Six iSCSI SANs unleashed
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Intransa claims that as many as six controllers may exist in a realm at a time; my tests were conducted on a pair of iSCSI controllers connected to a pair of 4TB disk arrays. Intransa's approach to disk connectivity is definitely different, but it also has the benefit of leveraging the connectionless basis of IP networking to permit dynamic capacity increases. To add another disk array to a realm can happen on the fly by simply cabling and powering up the new array -- the new storage is detected and seamlessly added to the realm, requiring no downtime.
The Intransa arrays are large in raw disk capacity, but because RAID 5 is not supported, the true capacity works out to be significantly less. RAID 0, 1, and 10 are the only supported RAID levels, but you can chose among those on a per-volume basis. This reduces the 4TB of raw disk in each array to 2TB. Only certain portions of available disks need be consumed by a volume. For instance, the creation of a new 250GB volume -- using default settings -- will use roughly half of four 250GB drives, placing the volume data on the outside sectors of each disk to maximize performance. This provides RAID 10 mirroring of a striped volume but uses only two spindles in each stripe. To overcome this limitation, Intransa has developed a policy-based disk allocation method. Available only through the CLI at the moment, this is a powerful tool, enabling admins to create specific policies governing disk allocation. An example might be to create a policy to maximize database performance by utilizing a minimum of eight disks with a specific stripe size. The custom policy can then be selected when creating a new volume.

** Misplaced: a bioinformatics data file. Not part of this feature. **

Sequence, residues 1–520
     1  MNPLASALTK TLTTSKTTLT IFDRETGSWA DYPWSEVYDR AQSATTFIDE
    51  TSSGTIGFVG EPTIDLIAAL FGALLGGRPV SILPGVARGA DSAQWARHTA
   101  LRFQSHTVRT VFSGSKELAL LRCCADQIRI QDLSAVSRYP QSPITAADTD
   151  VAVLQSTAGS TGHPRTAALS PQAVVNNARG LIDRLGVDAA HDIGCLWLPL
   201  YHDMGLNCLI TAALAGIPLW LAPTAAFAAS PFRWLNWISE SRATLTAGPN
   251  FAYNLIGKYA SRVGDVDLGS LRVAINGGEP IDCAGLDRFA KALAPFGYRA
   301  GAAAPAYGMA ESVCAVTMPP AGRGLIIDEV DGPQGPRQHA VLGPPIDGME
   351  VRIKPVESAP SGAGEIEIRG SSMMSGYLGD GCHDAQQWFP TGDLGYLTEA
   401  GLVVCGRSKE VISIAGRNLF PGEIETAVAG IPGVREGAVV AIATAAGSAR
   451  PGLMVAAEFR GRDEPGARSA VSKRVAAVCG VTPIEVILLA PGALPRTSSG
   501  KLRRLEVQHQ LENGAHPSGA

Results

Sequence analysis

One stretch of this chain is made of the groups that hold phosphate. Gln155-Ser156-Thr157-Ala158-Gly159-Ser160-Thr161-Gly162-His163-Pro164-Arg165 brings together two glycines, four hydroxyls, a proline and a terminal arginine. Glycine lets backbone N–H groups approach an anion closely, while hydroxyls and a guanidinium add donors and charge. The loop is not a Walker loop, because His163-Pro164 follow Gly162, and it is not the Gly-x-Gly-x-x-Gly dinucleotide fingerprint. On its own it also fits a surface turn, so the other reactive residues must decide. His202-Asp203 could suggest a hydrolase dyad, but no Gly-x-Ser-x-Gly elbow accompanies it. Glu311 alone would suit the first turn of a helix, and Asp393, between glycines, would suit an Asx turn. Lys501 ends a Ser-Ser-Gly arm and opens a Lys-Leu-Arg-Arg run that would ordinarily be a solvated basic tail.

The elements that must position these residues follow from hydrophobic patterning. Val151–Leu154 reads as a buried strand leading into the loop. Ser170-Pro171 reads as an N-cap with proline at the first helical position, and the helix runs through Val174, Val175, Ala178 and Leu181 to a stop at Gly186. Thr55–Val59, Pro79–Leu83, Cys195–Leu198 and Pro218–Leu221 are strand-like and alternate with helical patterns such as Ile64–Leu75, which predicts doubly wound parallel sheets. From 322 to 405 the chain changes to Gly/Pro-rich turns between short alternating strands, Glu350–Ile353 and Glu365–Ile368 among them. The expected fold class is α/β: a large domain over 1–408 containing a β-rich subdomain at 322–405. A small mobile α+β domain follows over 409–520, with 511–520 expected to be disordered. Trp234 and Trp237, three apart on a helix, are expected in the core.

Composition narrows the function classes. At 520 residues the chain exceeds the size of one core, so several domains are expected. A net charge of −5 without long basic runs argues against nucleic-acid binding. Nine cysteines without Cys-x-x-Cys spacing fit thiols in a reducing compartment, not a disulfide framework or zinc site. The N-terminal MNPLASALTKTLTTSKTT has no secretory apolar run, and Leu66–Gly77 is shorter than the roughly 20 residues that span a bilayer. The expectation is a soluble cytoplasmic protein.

The GUI is Java-based but is not delivered via browser, instead requiring installation on a Windows system. The UI is clean and relatively intuitive, but it lacks some human touches -- for instance, controllers are referred to by "module" names comprised of alpha characters and a MAC address, which makes referencing specific controllers needlessly difficult.
In the lab, I found performance under Windows to be truly abysmal, although the Linux numbers were quite respectable. This disparity was due to the fact that, by default, Windows does not sector-align primary partitions. By using Windows DiskPart to align the partition on a 4KB boundary, I was able to give the IP5500 a significant speed boost, suggesting that sector alignment is an absolutely required step for volumes created under Windows. This modification, however, introduced a problem with the Alacritech iSCSI accelerator -- causing abrupt volume log-offs -- that proved elusive to remedy.
Intransa has taken a truly unique approach to iSCSI storage, building some impressive features on IP concepts. The lack of redundant power in the controllers is a concern, as is the limited bandwidth available to each controller, but overall, the solution is elegant.